Tuesday, 18 March 2014

Youth, by Isaak Asimov

Coming back from London on a Saturday evening, the world quietens down on board the Eurostar train.  People close their eyes, contemplate the events of the day, and try to enjoy the peace around them.  This is a time when I enjoy a good read: nothing too elaborate or big - just simple, good writing and a reasonable length to last the journey.

Such a read is Youth, by Isaak Asimov.  Written in the 1950s, it is of the futuristic genre but with no fanfare.  It rather reminded me of the Twilight Zone programme that I so enjoyed in my own youth...

The plot is fairly straightforward:  life in a distant future, where our present and recent past is considered as the "beforethewars" era (I really enjoyed that word, nothing fancy but leaving so much to the imagination...).  The main characters involve two scientists, who try to take up contact with aliens in a foreign planet, with the view to take up trade relations. Already I'm amazed at the little bits of wisdom that I read in between this simple story:
... was it reasonable to destroy almost all their tremendous civilization in atomic warfare over causes our historians can no longer accurately determine?

With them, we get to see their respective sons, longing for a future of their own, preferably in a circus.  They in turn discover some uncommon-looking creatures they think could be their ticket into this wonderful life - so they keep them in a cage and try to take good care of them.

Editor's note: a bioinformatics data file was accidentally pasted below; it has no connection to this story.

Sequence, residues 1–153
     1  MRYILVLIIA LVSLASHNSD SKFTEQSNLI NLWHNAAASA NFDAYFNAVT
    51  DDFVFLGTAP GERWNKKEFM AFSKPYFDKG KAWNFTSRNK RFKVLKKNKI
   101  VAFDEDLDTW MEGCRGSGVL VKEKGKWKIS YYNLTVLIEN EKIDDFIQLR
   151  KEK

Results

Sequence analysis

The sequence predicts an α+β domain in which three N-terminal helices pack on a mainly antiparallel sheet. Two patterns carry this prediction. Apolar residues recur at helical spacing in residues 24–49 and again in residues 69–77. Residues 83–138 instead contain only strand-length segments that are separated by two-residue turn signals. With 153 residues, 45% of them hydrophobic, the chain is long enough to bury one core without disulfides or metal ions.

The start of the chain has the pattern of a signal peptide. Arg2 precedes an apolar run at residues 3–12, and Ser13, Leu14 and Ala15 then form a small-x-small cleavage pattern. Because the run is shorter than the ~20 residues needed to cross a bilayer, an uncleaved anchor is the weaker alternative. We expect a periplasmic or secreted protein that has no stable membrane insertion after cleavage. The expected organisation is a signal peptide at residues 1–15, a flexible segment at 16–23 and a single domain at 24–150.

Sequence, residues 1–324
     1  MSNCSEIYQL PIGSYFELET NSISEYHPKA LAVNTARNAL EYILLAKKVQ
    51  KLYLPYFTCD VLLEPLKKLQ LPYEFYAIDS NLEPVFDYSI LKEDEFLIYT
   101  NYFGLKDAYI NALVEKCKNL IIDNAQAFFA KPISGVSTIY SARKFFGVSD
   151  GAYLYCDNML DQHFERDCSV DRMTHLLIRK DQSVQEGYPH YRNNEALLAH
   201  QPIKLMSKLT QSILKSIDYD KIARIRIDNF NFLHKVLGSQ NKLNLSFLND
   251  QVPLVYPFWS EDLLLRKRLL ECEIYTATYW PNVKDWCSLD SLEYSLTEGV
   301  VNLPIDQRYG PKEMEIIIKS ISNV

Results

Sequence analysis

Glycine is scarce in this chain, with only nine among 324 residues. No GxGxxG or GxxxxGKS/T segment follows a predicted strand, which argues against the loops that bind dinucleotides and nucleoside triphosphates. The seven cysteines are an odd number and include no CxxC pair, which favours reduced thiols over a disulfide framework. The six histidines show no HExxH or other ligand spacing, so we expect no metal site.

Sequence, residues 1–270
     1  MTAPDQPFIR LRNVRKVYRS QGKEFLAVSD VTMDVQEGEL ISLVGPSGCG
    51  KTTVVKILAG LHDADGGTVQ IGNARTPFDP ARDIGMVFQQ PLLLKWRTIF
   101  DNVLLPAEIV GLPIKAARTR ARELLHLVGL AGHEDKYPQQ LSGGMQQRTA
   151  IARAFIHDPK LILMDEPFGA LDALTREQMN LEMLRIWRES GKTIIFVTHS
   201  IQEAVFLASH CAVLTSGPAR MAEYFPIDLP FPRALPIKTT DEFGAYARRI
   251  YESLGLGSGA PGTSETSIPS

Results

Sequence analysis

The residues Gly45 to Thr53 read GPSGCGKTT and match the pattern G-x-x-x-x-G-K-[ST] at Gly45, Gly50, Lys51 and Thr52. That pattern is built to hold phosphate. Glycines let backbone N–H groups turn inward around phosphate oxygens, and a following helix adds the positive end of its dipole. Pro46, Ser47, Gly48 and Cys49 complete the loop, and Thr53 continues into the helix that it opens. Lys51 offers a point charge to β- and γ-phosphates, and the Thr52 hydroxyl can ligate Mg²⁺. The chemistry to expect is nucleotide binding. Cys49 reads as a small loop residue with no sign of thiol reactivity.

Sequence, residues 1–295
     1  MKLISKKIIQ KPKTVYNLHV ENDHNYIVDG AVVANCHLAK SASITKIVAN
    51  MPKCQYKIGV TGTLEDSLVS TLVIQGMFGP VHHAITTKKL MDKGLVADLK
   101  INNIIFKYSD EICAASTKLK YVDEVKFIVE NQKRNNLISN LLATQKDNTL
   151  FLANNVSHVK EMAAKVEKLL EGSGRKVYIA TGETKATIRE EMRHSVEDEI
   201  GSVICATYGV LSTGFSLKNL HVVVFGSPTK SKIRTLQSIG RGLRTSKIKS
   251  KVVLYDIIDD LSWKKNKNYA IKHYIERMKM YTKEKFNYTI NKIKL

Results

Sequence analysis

The book is short and more than enough for the 2-hour travel to Brussels.  I really enjoyed the language used, but also some of the messages used.  While waiting for a signal from the aliens, the two scientists start debating about whether the aliens could in fact be hostile.  The pessimist of the two explains why he sees things this way:

The world has been at peace too long.  We are losing a healthy sense of suspicion

Linking it with the Twilight Zone, I came to a point where the twists are non-ending - who's watching whom here:  the scientists the children, the children the little creatures, or the children the scientists who are in truth the little creatures?  One can come to their proper interpretation of the story, but one thing is certain:  for such a tiny size, this book certainly stayed in my mind long after I had read it...   




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